Friday, March 26, 2010
He is becoming another one of those Cleveland darlings, a regional artist from somewhere else who comes through town once a year or so, and solely by word of mouth each time the crowd gets a little bigger. Paul Thorn is becoming the latest in the long line of semi-unknowns who has gathered a solid fan base here in Northern Ohio, even though his music isn't played on the radio here (hear that 107.3!), and he lives 1200 miles away in Tupelo, Mississippi.
Last Thursday before a good crowd in the ballroom at the Beachland, Thorn and his band put on another well-received show, featuring Thorns blend of blues, rock, and small town humor and wisdom. He played crowd favorites including "Long Time from Tupelo," "I Have a Good Day (every now and then)," "Mood Ring," and his Elvis Presley tribute "Even Heroes Die." He has a new album coming out in June, and the songs from it also sounded good, including a tribute to Tequila ("there's no sure fire remedy when love tears you apart/but tequila is good for the heart"), and a song filled with things his mother told him titled "Enjoy the Journey that is Life."
Paul Thorn is a great songwriter, a solid performer, and an American musical original. His observations of the world around him are priceless. If there was any justice in the world, he'd be sitting on the top of the music industry. His show last Thursday was part old time revival, part roots music, part blues show, part old time rock and roll concert.
For more about Paul Thorn and his music visit www.paulthorn.com. As always, there are a lot of great shows coming up at the Beachland, including Fred Eaglesmith April 8; Drive-By Truckers on April 11; The Legendary Rhythm and Blues Revue featuring Tommy Castro on April 12; the Deadstring Brothers with California Speedbag on April 17; and Shelby Lynne on May 5. I'm really looking forward to the Shelby Lynne show; her last time around at the Beachland in support of her Dusty Springfield tribute album was one of the best Beachland shows ever.
Monday, March 15, 2010
OK, I was a little skeptical about attending roller derby. I did spend a couple of days getting reacquainted with the sport, watching old clips of Joanie Weston on YouTube. But I have to admit I was pleasantly surprised by many things while seeing it live at the Wolstein Center at Cleveland State on March 13. The crowd of over three thousand was really into it, knowing the rules for the most part, and cheering for their favorite players. The girls themselves were more organized and athletic than I thought, and both bouts of the night were enjoyable to watch. There was a lot of action, and I think most people in attendance thought they got their money’s worth.
The Cleveland league is made up of four teams, with the best players on each team making up a traveling squad the Burning River Roller Girls who play in national tournaments. The local teams, the Hellbombers, the Rolling Pin-Ups, the Hard Knockers, and the Cleveland Steamers, play a round robin schedule with a championship bout set for June 10.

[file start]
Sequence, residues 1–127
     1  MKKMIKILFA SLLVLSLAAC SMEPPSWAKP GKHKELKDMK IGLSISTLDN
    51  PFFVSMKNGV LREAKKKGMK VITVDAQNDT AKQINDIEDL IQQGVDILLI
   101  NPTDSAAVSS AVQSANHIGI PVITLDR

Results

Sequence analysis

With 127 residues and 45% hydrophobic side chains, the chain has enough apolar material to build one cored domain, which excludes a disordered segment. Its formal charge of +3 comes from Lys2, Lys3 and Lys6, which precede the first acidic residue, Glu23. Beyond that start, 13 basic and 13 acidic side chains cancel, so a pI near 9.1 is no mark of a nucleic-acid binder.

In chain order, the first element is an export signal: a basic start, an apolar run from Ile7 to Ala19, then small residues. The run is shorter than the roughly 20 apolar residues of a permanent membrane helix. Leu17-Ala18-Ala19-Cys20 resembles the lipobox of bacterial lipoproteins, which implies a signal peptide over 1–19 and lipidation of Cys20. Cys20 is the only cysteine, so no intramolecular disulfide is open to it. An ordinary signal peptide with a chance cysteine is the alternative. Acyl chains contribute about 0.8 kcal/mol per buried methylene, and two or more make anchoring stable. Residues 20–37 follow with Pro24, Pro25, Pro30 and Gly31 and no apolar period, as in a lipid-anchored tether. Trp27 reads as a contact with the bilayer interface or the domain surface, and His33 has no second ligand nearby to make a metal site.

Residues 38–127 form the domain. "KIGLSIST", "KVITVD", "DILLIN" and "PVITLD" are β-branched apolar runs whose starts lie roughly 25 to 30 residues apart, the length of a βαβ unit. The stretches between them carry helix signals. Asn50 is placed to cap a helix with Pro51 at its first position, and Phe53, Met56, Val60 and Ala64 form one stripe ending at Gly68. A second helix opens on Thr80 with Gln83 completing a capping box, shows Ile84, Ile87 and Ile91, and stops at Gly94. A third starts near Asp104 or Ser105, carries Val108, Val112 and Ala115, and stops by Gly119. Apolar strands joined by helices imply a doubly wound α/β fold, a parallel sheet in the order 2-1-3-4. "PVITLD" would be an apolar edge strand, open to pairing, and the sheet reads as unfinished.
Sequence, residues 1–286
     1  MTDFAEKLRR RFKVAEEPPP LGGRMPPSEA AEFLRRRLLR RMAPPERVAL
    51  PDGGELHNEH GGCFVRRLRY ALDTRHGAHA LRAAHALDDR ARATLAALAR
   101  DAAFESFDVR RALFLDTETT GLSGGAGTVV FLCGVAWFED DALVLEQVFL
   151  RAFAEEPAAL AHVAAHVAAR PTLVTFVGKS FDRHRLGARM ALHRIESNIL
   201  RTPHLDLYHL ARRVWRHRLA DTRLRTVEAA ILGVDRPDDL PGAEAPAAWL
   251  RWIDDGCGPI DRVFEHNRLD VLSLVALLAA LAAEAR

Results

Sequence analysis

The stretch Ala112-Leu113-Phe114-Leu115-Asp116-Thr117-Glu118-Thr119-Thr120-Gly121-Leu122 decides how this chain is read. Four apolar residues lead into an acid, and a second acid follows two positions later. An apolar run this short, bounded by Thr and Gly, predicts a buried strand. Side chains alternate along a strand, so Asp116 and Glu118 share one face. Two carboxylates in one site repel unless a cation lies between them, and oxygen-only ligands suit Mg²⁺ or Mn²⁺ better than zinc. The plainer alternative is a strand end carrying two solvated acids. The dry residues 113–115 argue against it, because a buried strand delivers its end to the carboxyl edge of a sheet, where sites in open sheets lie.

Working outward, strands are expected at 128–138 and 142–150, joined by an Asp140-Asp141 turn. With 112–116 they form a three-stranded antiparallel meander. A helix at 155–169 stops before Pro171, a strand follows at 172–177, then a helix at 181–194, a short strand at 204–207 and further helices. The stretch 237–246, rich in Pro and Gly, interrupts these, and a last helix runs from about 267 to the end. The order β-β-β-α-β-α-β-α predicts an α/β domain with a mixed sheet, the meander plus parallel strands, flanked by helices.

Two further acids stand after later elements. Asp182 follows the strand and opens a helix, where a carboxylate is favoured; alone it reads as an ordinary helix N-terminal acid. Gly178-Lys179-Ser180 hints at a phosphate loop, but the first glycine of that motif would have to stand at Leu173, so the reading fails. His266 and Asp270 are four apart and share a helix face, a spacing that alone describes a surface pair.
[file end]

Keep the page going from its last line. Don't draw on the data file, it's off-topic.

This is the fourth season for roller derby in Cleveland and it started with a bang, with a record setting crowd for the first of five nights of action at the their new home at Cleveland State. The next night of bouts is on Saturday, April 3. Visit www.burning riverrollergirls.com for more information.
Thursday, March 4, 2010
Poor Jane Austen, if she only knew how popular her stories would become and how fascinated book lovers would become of her life she might have written a few more of them. During her short life, she died of an unknown illness at forty one, Ms. Austin wrote a handful of gossipy novels set amongst the upper crust of English society in the early 1800’s. Almost two hundred years later they keep getting more popular, especially on stage and screen.
The Cleveland Play House is currently presenting a stage version of “Emma” now through March 21 in the Drury Theater. The Play House has had a string of good literary adaptations over the last few years, and “Emma” is as good as any of them. Native Californian Sarah Nealis stars in the title role, the witty, matchmaking lady who lives in a beautiful country house and takes care of her wealthy father. Patrick Clear steals several scenes, and has some of the best lines of the play, as her father. The rather large cast of sixteen players has characters coming and going, with some of the best moments provided by Lindsay Iuen as the self-centered Mrs. Elton. Director Peter Amster keeps everyone on task, especially through several dance scenes. Costume Designer Kristine Kearney does a great job with nineteenth century dress.
I see the Drury Theater filled with Austin fans the next few weeks, and I doubt any of them will be disappointed. It is a wonderful night of theater, whether an Austin fan or not.
The Cleveland Play House is nearing the end of its second last season in its Euclid Avenue complex. Still to come is “Bill W. and Dr. Bob,” a play about the founders of Alcoholics Anonymous, and FusionFest, their annual presentation of new works and collaborations in music, dance, and theater. Visit www.clevelandplayhouse.com for more information.
The Play House has also announced their schedule for next season, and will feature several literary adaptions including the Midwest stage premier of “The Kite Runner”; an all African American cast version of Horton Foote’s “The Trip to Bountiful”; and a dance musical biography of Ginger Rogers titled “Backwards in High Heels: the Ginger Musical.” Check their website for more information, or give them a call at 216.795.7000.